• Summer 2015: “Transgender Rights and Communities of Color.” Politics of Color blog, Journal of Race, Ethnicity, & Politics.

Veronica Salinas

RWJF Center for Heath Policy Doctoral Fellow
505 277-5304

Ms. Salinas is a doctoral student in the department of economics.

Belinda Vicuña

RWJF Center for Health Policy Doctoral Fellow

Belinda Vicuña has received her Bachelor’s degree in Psychology and Sociology (double major) and Master’s degree in Psychology from the University of New Mexico. For Belinda, New Mexico is home, but she is certainly proud to claim her roots in Bolivia. She feels strongly about health equity/social justice, which has led her to bridge psychology and public health with her research. Taking a strengths-based approach, it is her aim to appreciate the importance of resilience within individuals and communities. Especially among marginalized and underserved communities, resiliency resources (for example: culture, family, or spirituality) can be greatly influential in promoting health. Belinda’s greatest motivation is to serve her community through her research in cancer prevention, finding the place where her deepest desire meets the greatest need.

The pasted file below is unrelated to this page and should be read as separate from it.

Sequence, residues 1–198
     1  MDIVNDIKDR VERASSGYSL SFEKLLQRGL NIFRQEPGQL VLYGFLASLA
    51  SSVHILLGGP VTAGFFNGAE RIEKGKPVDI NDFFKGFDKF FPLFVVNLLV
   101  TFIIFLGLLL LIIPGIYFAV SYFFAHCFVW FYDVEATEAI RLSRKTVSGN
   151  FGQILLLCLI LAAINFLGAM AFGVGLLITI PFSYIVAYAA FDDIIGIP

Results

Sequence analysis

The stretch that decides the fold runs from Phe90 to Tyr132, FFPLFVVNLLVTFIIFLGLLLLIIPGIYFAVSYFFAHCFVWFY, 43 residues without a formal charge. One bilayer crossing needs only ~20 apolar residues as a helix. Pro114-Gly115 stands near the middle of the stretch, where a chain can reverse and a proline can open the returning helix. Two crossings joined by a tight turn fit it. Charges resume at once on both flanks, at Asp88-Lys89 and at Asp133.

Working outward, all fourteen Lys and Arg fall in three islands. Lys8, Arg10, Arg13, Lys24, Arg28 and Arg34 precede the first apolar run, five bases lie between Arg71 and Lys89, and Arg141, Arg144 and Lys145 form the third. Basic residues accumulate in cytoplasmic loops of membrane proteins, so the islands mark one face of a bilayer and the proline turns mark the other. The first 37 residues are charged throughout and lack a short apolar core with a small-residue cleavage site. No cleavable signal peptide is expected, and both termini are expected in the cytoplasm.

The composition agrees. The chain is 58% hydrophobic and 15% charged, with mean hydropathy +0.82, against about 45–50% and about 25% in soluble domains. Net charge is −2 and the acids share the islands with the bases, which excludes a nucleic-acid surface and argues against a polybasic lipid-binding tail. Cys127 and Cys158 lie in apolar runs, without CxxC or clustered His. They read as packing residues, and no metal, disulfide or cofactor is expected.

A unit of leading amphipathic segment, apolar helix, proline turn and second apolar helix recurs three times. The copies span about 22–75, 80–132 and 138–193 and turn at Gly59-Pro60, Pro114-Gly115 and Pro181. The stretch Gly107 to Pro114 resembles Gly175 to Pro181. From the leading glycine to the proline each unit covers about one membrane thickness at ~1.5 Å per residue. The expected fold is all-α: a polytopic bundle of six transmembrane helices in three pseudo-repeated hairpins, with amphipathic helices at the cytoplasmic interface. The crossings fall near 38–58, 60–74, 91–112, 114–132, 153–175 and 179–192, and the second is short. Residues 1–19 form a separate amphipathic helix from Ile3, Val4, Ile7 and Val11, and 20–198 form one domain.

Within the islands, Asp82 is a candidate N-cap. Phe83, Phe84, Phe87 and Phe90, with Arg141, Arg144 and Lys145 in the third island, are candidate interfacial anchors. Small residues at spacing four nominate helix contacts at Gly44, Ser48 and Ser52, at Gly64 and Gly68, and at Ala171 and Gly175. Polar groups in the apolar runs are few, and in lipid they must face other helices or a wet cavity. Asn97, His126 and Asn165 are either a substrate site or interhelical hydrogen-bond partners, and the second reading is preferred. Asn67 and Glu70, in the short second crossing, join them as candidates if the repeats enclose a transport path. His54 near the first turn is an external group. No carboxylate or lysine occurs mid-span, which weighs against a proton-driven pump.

Research Interests 

Research Interests

Belinda Vicuña’s research centers on cancer control and prevention, in particular among Hispanic/Latino communities, both locally in New Mexico and in the U.S. as a whole. Motivated from a health equity approach, her goal is to engage in research that challenges and confronts cancer health disparities. Her primary research interests focus on efforts that aim to refine and evaluate culturally-centered approaches and interventions to be most effective in promoting and facilitating cancer prevention among Latino communities. Her dissertation explores the role, significance, and impact of spirituality/religiosity on engagement in cancer risk assessment (genetic counseling) among Latina women at increased risk for Hereditary Breast and Ovarian Cancer.

Recent Accomplishments 

2015 University of New Mexico Comprehensive Cancer Center Matching Support Pilot Project Award for Dissertation Research
2014 University of New Mexico La Raza Latino/a Fellowship
2014 Scholarship to attend the 12th Disparities in Health in America: Working Towards Social Justice Workshop, Houston, TX, June 23-28, 2014.
2013 University of New Mexico, Department of Psychology. Highest Graduate Student Teaching (IDEA) Rating for a Small Course Teaching Award